Again produced by Flood but given the final once over by PWL Mixmaster Phil Harding, ‘Sometimes’ marked the beginning of an imperial phase as further hits followed, continuing with the vibrant ‘Victim Of Love’. But ERASURE also took two songs into the charts with poignant political sentiments against the Thatcher era; ‘It Doesn’t Have To Be’ protested against the UK government’s apathy towards the Apartheid regime of the racist South African government while ‘The Circus’ highlighted the plight of those made unemployed in the wake of key UK industries being closed down or sold off.

Meanwhile songs on ‘The Circus’ such as ‘Spiralling’ and ‘Hideaway’ confirmed ERASURE were more than just a great singles act; Hideaway’ was ERASURE’s very own ‘Smalltown Boy’ while the elegiac ‘Spiralling’ was a masterpiece, showcasing Bell’s fine voice in sparse surroundings.

1988’s ‘The Innocents’ produced by Stephen Hague was symbolic in that it was the first time that Vince Clarke had reached the third album milestone with a project… he had finally settled down! As with ‘The Circus’, further political observations came with the excellent ‘Ship Of Fools’ which surprised as the lead single with its maturer pace. But ‘Chains Of Love’ provided more of what was expected, as did the brass punctuated ‘Heart Of Stone’ while ‘Phantom Bride’ took a more serious turn in a commentary on forced marriage.

But the album’s opening song ‘A Little Respect’ was perfection from the off with its combination of Vince Clarke’s pulsing programming and strummed acoustic guitar As the busy rhythmical engine kicked in, Andy Bell went from a tenor to a piercing falsetto to provide the dynamic highs and lows that are always present in all great pop songs. It was deservingly nominated in the ‘Best Contemporary Song’ category at the 1989 Ivor Novello Awards.

To consolidate their best year to date, ERASURE ended 1988 with the seasonally themed ‘Crackers International’ EP. The lead track was ‘Stop!’, a throbbing Giorgio Moroder-inspired disco tune that borrowed counter-melodies from Donna Summer’s ‘Love’s Unkind’. Also featuring ‘Knocking On Your Door’ and ‘The Hardest Part’, the EP helped ERASURE’ maintain their profile while they were preparing their next plan of action. And as it was dropping out of the charts at the start of the new year, ERASURE won the ‘Best British Group’ accolade at the 1989 BRIT Awards,

With Gareth Jones and Mark Saunders at the production helm, 1989 saw ERASURE release their most ambitious album yet in ‘Wild!’ with a tour and accompanying stage set to match. ‘Blue Savannah’ imagined Roy Orbison doing electropop with a rousing sense of optimism to become one of ERASURE’s most universally loved songs, while the surprising Latin romp of ‘La Gloria’ saw Bell realise his Carmen Miranda fantasies. ‘Piano Song’ and ‘How Many Times?’ were the minimally structured ballads while ‘Star’ and ‘Drama!’ provided the hits with the latter displaying a previously unheard turn of aggression.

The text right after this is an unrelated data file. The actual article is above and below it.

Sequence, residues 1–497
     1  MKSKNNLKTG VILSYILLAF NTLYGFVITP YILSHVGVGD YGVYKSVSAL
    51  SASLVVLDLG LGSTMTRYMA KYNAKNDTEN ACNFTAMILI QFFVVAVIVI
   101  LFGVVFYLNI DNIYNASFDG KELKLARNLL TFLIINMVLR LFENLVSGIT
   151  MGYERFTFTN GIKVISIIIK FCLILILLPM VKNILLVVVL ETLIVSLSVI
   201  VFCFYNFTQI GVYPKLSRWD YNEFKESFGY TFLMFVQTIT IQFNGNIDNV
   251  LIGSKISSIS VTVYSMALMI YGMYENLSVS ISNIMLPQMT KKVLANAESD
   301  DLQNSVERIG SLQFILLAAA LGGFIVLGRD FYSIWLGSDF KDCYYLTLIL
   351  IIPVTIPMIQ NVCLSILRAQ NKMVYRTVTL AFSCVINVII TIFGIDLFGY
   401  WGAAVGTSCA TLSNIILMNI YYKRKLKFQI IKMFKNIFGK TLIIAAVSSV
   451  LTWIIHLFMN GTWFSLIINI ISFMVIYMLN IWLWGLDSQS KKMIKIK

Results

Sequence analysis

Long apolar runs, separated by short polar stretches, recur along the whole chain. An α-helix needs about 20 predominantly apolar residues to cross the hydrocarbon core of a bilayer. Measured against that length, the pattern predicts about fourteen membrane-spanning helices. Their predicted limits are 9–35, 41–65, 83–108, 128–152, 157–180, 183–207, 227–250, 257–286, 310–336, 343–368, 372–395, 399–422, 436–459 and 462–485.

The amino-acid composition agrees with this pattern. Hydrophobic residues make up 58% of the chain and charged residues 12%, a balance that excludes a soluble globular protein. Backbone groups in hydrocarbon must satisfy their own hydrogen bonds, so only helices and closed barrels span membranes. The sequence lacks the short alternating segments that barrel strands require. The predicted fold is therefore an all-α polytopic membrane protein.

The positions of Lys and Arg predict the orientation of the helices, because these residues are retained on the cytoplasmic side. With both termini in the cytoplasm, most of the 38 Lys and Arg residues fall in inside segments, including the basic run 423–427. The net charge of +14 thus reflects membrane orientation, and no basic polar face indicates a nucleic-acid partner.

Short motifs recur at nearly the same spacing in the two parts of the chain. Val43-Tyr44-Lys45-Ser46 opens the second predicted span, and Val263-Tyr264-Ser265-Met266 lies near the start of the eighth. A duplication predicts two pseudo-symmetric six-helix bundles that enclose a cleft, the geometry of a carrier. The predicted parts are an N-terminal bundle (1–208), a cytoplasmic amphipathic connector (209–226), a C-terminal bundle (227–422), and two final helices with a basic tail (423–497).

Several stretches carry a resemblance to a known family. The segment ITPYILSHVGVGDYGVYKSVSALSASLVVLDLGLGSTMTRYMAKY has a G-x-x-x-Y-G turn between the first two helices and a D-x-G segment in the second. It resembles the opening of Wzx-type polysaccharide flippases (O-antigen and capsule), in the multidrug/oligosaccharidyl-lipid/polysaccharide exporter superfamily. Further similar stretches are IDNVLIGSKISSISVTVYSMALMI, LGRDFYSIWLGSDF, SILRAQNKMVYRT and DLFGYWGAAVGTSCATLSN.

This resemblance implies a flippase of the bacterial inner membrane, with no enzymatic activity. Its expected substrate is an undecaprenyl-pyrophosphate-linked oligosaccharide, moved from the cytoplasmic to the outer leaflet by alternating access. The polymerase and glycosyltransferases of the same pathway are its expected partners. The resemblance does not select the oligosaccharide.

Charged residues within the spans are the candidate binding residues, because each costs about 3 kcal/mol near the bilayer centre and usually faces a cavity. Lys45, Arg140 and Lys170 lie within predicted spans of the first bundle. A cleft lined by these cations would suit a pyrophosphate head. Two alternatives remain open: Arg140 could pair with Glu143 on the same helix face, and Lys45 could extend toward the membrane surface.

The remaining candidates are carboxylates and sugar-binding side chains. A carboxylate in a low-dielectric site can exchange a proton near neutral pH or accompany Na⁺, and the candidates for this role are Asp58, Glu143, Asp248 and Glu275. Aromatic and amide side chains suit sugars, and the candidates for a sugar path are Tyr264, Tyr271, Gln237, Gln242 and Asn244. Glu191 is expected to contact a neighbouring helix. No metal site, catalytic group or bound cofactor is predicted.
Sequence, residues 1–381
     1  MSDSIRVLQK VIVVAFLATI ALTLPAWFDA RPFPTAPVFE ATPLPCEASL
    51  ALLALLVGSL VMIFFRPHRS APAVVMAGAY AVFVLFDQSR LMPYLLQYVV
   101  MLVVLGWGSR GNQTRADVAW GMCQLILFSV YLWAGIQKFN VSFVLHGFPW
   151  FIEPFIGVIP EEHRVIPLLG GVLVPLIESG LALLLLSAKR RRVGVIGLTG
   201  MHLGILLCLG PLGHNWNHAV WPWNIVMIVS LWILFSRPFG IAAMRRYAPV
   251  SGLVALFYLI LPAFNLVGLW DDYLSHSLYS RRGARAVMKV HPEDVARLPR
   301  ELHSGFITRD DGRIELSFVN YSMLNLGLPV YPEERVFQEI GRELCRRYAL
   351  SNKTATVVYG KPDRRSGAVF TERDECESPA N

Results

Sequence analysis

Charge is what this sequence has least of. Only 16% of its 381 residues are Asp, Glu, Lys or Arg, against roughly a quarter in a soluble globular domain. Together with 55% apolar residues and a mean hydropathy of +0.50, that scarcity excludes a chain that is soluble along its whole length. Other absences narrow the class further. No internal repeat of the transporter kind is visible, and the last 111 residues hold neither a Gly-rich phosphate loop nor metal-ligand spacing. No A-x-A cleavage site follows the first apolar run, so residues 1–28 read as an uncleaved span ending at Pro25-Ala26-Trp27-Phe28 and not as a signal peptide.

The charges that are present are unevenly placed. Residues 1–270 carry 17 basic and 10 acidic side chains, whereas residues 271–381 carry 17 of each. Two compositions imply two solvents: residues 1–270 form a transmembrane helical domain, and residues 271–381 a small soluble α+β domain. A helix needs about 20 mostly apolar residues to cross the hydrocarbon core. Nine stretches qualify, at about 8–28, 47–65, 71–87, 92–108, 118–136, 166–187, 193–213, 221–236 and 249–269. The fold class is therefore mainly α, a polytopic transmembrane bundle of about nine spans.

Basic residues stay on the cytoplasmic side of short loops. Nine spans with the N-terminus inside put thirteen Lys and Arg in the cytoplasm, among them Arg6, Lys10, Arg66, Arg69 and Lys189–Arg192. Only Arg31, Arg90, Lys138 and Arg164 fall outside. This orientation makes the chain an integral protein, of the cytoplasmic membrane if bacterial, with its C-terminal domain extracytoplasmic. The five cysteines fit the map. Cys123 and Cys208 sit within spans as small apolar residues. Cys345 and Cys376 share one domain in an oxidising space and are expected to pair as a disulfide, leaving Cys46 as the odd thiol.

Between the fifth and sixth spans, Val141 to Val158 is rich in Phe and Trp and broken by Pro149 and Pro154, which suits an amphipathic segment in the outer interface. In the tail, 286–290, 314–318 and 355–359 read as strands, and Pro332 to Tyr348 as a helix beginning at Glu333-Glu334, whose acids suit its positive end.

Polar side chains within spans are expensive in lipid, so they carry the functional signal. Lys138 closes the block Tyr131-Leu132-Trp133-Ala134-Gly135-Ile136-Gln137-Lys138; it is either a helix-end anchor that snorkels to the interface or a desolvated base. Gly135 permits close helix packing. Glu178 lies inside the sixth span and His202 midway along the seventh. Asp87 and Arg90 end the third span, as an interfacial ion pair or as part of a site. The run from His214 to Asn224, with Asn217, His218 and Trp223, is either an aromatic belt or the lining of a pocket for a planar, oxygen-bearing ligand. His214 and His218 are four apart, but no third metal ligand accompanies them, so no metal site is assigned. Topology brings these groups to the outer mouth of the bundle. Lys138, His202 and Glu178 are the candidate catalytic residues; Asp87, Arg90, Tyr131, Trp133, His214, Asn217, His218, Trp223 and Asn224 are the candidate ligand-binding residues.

Amidst the success of the ‘Wild!’ campaign which culminated in a huge open air party at the Milton Keynes Bowl, Clarke was however less sonically satisfied. It had become apparent to him that there were technical limitations in the now dominant MIDI standard when sequencing, known as “MIDI slop”. In order to achieve the tighter feel of his earlier work with YAZOO on the ‘Upstairs At Eric’s’ album in particular where the various synthesizers were controlled using the Roland MC4 Micro-composer and ARP 1601 sequencer, the next ERASURE album ‘Chorus’ eschewed MIDI completely. The restriction of using only analogue synthesizers and no drum machines was applied to its production, save the occasional sampled cymbal crash. The sequenced monophonic nature of the equipment meant there would be no traditional chords either.

With this return to analogues, KRAFTWERK was crossed with Gloria Gaynor on ‘Love To Hate You’ and the energetic vintage thrust of ‘Breath Of Life’ recalled DEPECHE MODE’s ‘Speak & Spell’ album. The superb emotive ballad ‘Am I Right?’ was a surprise hit single while amongst the album highlights were ‘Waiting For The Day’ and ‘Perfect Stranger’.

Announced a year in advance at the time of the ‘Chorus’ album’s release was a theatrical spectacular entitled the ‘Phantasmagorical World Tour’ which took up residencies in London, Edinburgh and Manchester, the latter leg of which was immortalised in ‘The Tank, the Swan and the Balloon’ concert film.

Clarke wanted to take his vintage tech philosophy onto the stage and a special hydraulically controlled caterpillar tracked tank was constructed to house his various pieces of equipment. The engine room was an MC4 acting as the main sequencer controlling via CV / Gate, a Minimoog for bass sounds, a Roland Juno 60, a Prophet 5 alternating with a Roland Jupiter 8 dependent on the song programme and the Oberheim Expander with an Akai MPC-60 and Akai Linn synced up to provide the drum sounds pre-sampled from assorted synths. The data for the MC4 was precariously pre-loaded using a high end Maxell cassette to break the sound barrier.